Weekly Recipes

Cooking in 2012!

There is no reason for getting out and doing some serious cooking.  The weater has been mild and we look forward to an extended outdoor cooking season this year!

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Well, you asked for it. Here, Smoky answers the most commonly asked questions. He is direct, honest and offers an insight into the time proven techniques to preparing great barbecue that is unavailable elsewhere. If you are unable to locate the exact answer you are seeking, feel free to contact him directly and ask!
He returns all questions . . . . . . .

FAQ Subject: I would like to cold smoke a pheasant

Hi i would like to cold smoke a pheasant so how would i prepare the brine,all your wisdom please.

Thanks Zgreg

Hi Greg,

First, I wouldn't use a brine. I find them of no benefit for cooking fowl.

Second, I would recommend hot smoking rather than cold smoking. If you haven't already, click into "According to Smoky" and read the "Glossary" for the distinctions.

Cold smoking is more for preservation and when I cook a pheasant, I expect to eat it shortly.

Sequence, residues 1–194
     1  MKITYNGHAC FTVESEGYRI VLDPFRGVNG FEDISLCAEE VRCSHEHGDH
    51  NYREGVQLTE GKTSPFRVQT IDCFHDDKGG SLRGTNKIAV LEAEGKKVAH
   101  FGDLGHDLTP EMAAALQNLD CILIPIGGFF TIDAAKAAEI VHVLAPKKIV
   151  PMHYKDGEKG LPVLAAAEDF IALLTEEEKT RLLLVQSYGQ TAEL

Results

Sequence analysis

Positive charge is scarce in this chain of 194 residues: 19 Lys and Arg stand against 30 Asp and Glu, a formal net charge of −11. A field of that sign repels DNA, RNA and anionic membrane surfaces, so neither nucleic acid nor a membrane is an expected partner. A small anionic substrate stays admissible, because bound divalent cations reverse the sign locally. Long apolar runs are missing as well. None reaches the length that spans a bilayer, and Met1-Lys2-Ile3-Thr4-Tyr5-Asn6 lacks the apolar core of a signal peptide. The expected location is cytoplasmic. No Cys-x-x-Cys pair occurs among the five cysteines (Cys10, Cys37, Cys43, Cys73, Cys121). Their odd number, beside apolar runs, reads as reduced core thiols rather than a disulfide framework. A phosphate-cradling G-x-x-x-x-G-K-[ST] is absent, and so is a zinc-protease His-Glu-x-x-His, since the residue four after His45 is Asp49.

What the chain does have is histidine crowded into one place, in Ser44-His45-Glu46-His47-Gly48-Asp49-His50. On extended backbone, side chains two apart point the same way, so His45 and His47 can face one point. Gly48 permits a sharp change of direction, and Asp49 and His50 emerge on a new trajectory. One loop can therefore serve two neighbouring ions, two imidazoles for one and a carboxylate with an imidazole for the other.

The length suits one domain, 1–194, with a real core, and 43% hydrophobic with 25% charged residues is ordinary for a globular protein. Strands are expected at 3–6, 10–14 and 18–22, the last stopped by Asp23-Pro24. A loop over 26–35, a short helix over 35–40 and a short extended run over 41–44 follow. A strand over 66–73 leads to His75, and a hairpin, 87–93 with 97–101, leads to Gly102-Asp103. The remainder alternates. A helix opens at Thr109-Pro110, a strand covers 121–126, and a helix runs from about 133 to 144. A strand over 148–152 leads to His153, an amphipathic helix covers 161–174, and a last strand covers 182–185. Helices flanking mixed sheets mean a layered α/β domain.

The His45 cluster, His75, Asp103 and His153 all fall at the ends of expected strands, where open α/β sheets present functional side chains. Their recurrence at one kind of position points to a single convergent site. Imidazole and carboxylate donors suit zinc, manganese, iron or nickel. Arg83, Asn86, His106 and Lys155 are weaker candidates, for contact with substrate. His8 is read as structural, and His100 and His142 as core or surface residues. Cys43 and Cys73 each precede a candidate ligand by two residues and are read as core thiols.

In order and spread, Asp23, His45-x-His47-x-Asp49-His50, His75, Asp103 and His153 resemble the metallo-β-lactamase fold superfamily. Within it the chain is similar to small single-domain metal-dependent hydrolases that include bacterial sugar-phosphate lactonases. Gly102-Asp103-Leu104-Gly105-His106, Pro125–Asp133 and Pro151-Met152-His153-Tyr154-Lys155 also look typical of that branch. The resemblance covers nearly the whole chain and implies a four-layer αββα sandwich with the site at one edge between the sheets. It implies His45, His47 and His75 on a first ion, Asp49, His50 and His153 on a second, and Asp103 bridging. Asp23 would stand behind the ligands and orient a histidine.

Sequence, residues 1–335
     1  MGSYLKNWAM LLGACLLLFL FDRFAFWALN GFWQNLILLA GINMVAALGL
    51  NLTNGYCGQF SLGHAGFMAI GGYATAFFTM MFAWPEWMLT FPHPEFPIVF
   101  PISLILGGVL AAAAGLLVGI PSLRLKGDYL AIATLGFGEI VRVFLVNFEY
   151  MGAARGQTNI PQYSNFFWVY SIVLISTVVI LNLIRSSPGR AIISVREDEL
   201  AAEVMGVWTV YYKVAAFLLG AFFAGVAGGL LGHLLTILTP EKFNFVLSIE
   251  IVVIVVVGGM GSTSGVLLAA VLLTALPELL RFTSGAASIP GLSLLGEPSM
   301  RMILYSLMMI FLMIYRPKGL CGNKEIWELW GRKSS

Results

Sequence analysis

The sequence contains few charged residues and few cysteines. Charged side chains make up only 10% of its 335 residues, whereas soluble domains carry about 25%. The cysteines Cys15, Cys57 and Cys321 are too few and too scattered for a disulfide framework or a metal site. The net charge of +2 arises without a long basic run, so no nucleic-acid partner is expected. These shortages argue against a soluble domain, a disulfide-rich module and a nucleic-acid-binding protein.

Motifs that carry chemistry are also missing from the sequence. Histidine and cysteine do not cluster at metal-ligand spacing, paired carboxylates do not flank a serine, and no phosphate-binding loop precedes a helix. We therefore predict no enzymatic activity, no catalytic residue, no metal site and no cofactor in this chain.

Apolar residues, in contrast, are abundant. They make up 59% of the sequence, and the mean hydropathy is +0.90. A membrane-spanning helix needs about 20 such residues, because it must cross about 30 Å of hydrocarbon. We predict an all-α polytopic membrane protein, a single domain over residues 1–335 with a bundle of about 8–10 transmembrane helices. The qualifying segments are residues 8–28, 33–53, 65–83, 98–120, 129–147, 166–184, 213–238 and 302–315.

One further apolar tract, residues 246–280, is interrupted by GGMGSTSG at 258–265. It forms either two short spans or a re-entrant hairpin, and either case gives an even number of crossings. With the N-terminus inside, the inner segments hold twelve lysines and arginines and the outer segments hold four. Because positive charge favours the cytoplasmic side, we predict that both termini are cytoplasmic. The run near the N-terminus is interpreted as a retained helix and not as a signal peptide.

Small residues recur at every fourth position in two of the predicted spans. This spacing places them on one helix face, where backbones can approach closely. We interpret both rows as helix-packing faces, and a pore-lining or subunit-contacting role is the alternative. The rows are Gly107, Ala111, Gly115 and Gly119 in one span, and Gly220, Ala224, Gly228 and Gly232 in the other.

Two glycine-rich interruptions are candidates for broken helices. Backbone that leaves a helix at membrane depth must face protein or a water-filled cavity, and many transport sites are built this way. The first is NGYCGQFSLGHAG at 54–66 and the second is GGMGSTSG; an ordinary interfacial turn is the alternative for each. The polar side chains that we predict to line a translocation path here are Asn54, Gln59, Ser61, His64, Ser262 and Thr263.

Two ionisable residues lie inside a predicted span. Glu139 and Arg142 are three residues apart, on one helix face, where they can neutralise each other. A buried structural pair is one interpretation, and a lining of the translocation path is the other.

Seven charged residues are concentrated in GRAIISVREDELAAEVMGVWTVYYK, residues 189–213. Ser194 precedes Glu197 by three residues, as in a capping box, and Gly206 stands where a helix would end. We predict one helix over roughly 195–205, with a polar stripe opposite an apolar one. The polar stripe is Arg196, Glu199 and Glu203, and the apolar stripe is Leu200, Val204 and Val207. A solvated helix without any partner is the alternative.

I actually prefer roasting pheasant. The bird is read to consume in about 35-40 minutes. It is always a welcomed treat and that is long enough to wait.

Remember that the pheasant has less fat interspersed in its muscles than a commercially raised chicken, so basting with a little oil is beneficial. I like to stuff a small apple and a small onion, quartered, into the cavity along with a stalk of celery. Then rub a little oil on and salt and pepper the bird. I roast at 350° until it reaches 160° in the thickest part of the thigh then take it off and let it sit for 8-10 minutes before carving.

If you want to get fancy, sprinkle on a little fresh rosemary or thyme.
Be certain to remove all the pin feathers and carefully clean any shot paths.

Have fun,

The Barbecue Store

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